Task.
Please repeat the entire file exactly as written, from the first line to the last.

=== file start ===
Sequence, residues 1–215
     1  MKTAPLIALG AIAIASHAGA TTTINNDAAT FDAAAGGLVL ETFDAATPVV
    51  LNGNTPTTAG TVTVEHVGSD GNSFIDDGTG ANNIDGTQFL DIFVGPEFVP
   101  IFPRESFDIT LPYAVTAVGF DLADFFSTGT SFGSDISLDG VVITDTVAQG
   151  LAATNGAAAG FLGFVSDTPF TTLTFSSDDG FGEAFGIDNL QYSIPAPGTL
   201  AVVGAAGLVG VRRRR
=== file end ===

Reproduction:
Sequence, residues 1–215
     1  MKTAPLIALG AIAIASHAGA TTTINNDAAT FDAAAGGLVL ETFDAATPVV
    51  LNGNTPTTAG TVTVEHVGSD GNSFIDDGTG ANNIDGTQFL DIFVGPEFVP
   101  IFPRESFDIT LPYAVTAVGF DLADFFSTGT SFGSDISLDG VVITDTVAQG
   151  LAATNGAAAG FLGFVSDTPF TTLTFSSDDG FGEAFGIDNL QYSIPAPGTL
   201  AVVGAAGLVG VRRRR